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Harold Eugene Edgerton, son of Frank Eugene and Mary Nettie (Coe) Edgerton.                                                                             PHOTO

 

born:

April 6, 1903; Woodbine, Harrison Co., IA.  (SSDI)

died:

January 4, 1990; Boston, Suffolk Co., MA.  (SSDI) (OB The Record  1/5/1990)

buried:

Mount Auburn Cemetery; Cambridge, Suffolk Co., MA.  (GI)

 

married:

February 25, 1928; Cambridge, Suffolk Co., MA.

 

Esther May Garrett, daughter of William Everett and Clara (Sharp) Garrett.

 

born:

September 8, 1903; Giltner, Hamilton Co., NE.  (SSDI) (OB MIT Tech Talk  3/13/2002)

died:

March 9, 2002; Charleston, Charleston Co., SC.  (SSDI) (OB MIT Tech Talk  3/13/2002)

buried:

Mount Auburn Cemetery; Cambridge, Suffolk Co., MA.  (GI)

 

Children:

  1. Mary Louise, b. April 21, 1931; Cambridge, Suffolk Co., MA.
  2. William Eugene, b. August 9, 1933; Cambridge, Suffolk Co., MA.
  3. Robert Frank, b. May 10, 1935; Cambridge, Suffolk Co., MA.

 


The following obituary for Harold Eugene Edgerton was published in The Record, Northern New Jersey on Friday, January 5, 1990:

 

“Harold "Doc" Edgerton, a pioneer in strobe and underwater photography and a professor emeritus at the Massachusetts Institute of Technology, died of a heart attack Thursday.  He was 86.  Edgerton died at Massachusetts General Hospital after suffering a heart attack at the MIT faculty club, where he was having lunch, MIT said.  

 

The achievements of Edgerton spanned many decades.  His revolutionary work in the use of strobe lights captured images long hidden to the naked eye.  His famous photographs of a drop of milk splashing on a tabletop and of a bullet piercing an apple showed the world what time looks like when it is frozen.  Edgerton's strobe lamps enabled the Allies to track enemy movements at night during World War II.  His strobes were used to photograph the first atomic tests.  His work in sonar helped locate underwater wrecks and is used by undersea explorer Jacques Cousteau.  "If it comes, it comes," Edgerton once said of his ideas and inventions. "It'll come by inspiration and God almighty and hit you right in the middle of the night."

 

Edgerton, a native of Nebraska, had been at MIT since 1926, when he enrolled as a student in electrical engineering.  Officially retired from MIT in 1968, he lived in an apartment next to the campus and still came into his office five days a week.  "I got stuck," he said.  "But it's given me a very nice place to work."  Most weekdays, Edgerton could be found in his laboratory at MIT, just off MIT's "Strobe Alley," where his work is displayed.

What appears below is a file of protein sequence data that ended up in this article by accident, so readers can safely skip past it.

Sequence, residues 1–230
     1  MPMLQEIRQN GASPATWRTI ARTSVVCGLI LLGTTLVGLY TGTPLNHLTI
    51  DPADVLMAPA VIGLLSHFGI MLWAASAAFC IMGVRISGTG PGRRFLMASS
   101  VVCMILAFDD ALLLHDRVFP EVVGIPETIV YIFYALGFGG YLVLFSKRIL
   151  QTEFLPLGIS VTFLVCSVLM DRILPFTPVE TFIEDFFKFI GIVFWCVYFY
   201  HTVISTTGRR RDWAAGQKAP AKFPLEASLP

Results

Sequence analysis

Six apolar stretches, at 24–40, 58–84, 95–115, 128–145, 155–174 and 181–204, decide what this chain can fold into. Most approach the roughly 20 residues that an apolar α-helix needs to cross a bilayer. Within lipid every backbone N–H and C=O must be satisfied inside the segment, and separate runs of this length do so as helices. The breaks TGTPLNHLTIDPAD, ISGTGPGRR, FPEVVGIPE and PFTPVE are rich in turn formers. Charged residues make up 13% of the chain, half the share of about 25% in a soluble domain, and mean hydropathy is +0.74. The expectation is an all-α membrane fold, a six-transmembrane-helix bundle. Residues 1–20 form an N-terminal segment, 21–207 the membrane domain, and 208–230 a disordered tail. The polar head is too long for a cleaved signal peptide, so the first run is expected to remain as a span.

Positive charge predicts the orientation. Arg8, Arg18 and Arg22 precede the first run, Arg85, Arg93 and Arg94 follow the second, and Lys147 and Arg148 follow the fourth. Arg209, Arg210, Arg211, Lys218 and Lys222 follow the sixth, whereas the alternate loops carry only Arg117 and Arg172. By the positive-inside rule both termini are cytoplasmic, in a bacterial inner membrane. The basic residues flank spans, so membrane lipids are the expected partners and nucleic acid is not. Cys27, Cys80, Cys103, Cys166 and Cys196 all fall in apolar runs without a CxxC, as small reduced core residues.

In addition to his inventions, Edgerton and two former students in 1947 started a company, EG&G, specializing in electronic technology.  Now a multi-million dollar engineering concern, the company was under contract to the military and designed and operated systems that timed and fired U.S. nuclear bomb tests.  At a recent meeting of the Archaeological Society of America, Edgerton offered words of advice to a group gathered to honor his life's achievements.  "Work like hell, tell everyone everything you know, close a deal with a handshake, and have fun," Edgerton told the audience.

 

He was awarded a national medal of technology by President Reagan in 1988.  Undersea explorer Cousteau used some of Edgerton's sonar equipment, and the two collaborated in locating the British Army ship HMS Britannia, which was sunk by a mine off the Greek coast during World War I. Cousteau nicknamed Edgerton "Papa Flash."   Also, his Edgerton-Benthos underwater camera was used to photograph the shipwreck of the Titanic when it was discovered in 1986.  He is survived by his wife of 62 years, Esther, a daughter and a son.”

 

The following obituary for Mrs. Esther May (Garrett) Edgerton was published in MIT Tech Talk on Wednesday, March 13, 2002:

 

“Esther Edgerton, widow of ‘Doc’ Edgerton and benefactor of the Institute, dies at 98

 

Esther Edgerton, widow of MIT Professor Harold E. “Doc” Edgerton, died last Saturday (March 9) at the home of her granddaughter, Janice Dixon Key, in Charleston, S.C., where she lived for the last four years.  She was 98 years old.

 

An open house, hosted by Professor J. Kim Vandiver, will be held at the MIT Edgerton Center, Room 4-405, on Saturday, March 16 from 3:30 to 6 p.m. following the funeral service at Payson Park Church in Belmont.  Interment will be at Mount Auburn Cemetery.

 

Edgerton, the former Esther May Garrett, was born in Hamilton County, Neb. on Sept. 8, 1903.  She received a bachelor’s degree in mathematics, music and education from the University of Nebraska, also her husband’s alma mater.  A skilled pianist and singer, she attended the New England Conservatory of Music and taught in public schools in Aurora, Neb. and Boston.

 

Edgerton was active in the International Chapter P.E.O. Sisterhood for 74 years.  She was a member of the Payson Park Church in Belmont and the MIT Matrons.

 

The Edgertons, longtime residents of Belmont and Cambridge, established the Edgerton Research Vessel at the New England Aquarium and endowed the Edgerton House dormitory and several scholarships and chairmanships at MIT.  Natives of Nebraska, they also funded the Edgerton Explorit Center in Aurora, Neb.

 

Along with the Germeshausens and Griers, the Edgertons funded the EG&G Education Center (Building 34) at MIT and Mrs. Edgerton sponsored exhibits at Boston Museum of Science with Polly Germeshausen. Professor Edgerton, a pioneer in strobe photography and underwater photography, was co-founder of the electronic technology firm Edgerton, Germeshausen and Grier Inc.

 

Edgerton is survived by a son, Robert Frank Edgerton of Seattle, seven grandchildren and 16 great-grandchildren.  Professor Edgerton died in 1990.  A son, William Eugene Edgerton, and a daughter, Mary Louise Edgerton Dixon, have also died.”